World record feral cat eradication for Dirk Hartog Island

Dirk Hartog Island National Park, off Western Australia's Mid-West coast, has become the world's largest island to have cats, sheep and goats fully eradicated, paving the way for extensive threatened animal re-introductions over the next 12 years.

Announcing the second stage of the groundbreaking 'Return to 1616' ecological restoration program, Environment Minister Stephen Dawson today declared the 63,000-hectare island cat, goat and sheep-free.

Dirk Hartog Island is the State's largest island and is home to the first known European landing on WA soil by Dutch explorer Dirk Hartog and his crew in 1616.

Since the introduction of grazing animals, cats and weeds, 10 native mammal species have been lost from the island. More than 5,000 sheep and 11,000 goats have now been removed, resulting in improved vegetation and habitat for native species.

Following extensive baiting, trapping and monitoring, no feral cats have been detected on the island since October 2016, making it the world's largest island-based feral cat eradication project.



Milestone for Kalbarri Skywalk project

The completion of the world-class Kalbarri Skywalk project is one step closer, with the contract to construct two skywalks awarded to Bocol Constructions Pty Ltd.

The two 100-metre-high skywalks at the West Loop site in Kalbarri National Park will project 25 metres and 17 metres beyond the rim of the Murchison River Gorge, providing visitors with soaring views of the spectacular gorge and surrounding environment.

Construction of the skywalks is expected to be completed by mid-2019.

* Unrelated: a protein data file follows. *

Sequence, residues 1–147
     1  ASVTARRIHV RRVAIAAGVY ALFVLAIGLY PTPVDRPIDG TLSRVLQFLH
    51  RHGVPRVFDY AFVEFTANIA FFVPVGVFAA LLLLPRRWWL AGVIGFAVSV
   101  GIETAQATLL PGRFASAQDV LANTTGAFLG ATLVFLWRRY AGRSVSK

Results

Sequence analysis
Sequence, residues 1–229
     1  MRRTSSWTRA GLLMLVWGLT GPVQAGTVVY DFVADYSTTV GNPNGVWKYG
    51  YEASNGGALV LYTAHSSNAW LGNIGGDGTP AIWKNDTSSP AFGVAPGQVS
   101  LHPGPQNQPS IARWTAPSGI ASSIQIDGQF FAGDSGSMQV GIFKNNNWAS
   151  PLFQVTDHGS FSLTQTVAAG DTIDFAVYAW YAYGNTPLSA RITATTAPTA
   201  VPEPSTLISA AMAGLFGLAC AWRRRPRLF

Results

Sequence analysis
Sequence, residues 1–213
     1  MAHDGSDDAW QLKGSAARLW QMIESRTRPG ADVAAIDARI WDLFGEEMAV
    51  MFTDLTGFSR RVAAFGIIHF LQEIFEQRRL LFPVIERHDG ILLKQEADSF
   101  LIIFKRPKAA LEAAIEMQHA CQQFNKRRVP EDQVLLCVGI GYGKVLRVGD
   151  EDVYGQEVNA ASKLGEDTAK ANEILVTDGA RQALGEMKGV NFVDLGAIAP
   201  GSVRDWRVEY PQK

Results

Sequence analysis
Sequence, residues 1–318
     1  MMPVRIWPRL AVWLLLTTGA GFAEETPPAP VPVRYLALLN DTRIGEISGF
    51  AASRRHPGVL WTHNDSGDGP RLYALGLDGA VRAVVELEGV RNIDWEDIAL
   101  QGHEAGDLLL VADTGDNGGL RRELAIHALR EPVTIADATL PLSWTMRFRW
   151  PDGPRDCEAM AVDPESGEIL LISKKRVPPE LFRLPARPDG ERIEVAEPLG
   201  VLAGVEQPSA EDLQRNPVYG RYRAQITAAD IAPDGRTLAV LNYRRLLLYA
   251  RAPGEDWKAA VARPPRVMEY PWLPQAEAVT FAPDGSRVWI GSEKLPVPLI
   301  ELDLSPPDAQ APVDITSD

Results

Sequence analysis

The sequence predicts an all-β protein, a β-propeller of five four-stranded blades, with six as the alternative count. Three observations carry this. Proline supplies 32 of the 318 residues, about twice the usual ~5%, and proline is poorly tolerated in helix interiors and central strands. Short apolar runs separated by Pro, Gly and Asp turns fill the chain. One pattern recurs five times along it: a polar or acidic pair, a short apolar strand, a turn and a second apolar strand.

The $20 million project has also included the sealing of 22 kilometres of park roads, and the expansion and upgrading of the Z Bend and Meanarra Hill tourist sites.



Spring prescribed burning underway

Prescribed burning is now underway in areas surrounding Perth and across the south-west of the State to protect communities from devastating summer bushfires.

The Parks and Wildlife Service at the Department of Biodiversity, Conservation and Attractions is using favourable spring conditions to undertake prescribed burns.

A mix of larger burns on forest areas and smaller burns closer to communities and townsites during spring will significantly reduce the threat and severity of devastating bushfires and help protect lives, infrastructure and biodiversity values.

Prescribed burning is highly dependent on suitable weather conditions, fuel moisture and a range of other factors to be undertaken safely.



Public encouraged to have their say on forest management

The Conservation and Parks Commission is encouraging people to comment on the Draft mid-term review of performance of the Forest Management Plan 2014-2023. You can view the document and submit comments until 19 October 2018 via the Conservation and Parks Commission website at

  • The Ramsar Convention is an international treaty on the conservation of important wetlands.

    Australia was among the first five member countries of the Ramsar Convention, and the first to nominate a wetland for listing. 

    Australian Ramsar wetland sites

    Australia has 65 Ramsar sites, covering more than 8.3 million hectares.

    Being a signatory to the Ramsar Convention, Australia has undertaken to ensure our internationally important wetlands are conserved.

    The federal Environment Protection and Biodiversity Conservation Act 1999, protects Australia's Ramsar wetlands by applying consistent management principles and arrangements between the Australian Government and the states.

    Any activity that may have a significant impact on a Ramsar wetland goes through a rigorous environmental assessment and approvals process.

    • Mullet Lake
      Mullet Lake - Photo © J Higbid/Parks and Wildlife
    • Peel-Yalgorup
      Peel-Yalgorup - Photo © K Wilson

    Ramsar wetland sites in Western Australia

    There are 12 Ramsar wetland sites in Western Australia.

    Parks and Wildlife has the lead role in recommending suitable wetlands to the state government for nomination on the List of Wetlands of International Importance via the Australian Government and the Ramsar Bureau.

    This process involves consulting with key stakeholders and preparing nomination documents containing details of the values and other features of each wetland.

    The 12 Ramsar wetlands in Western Australia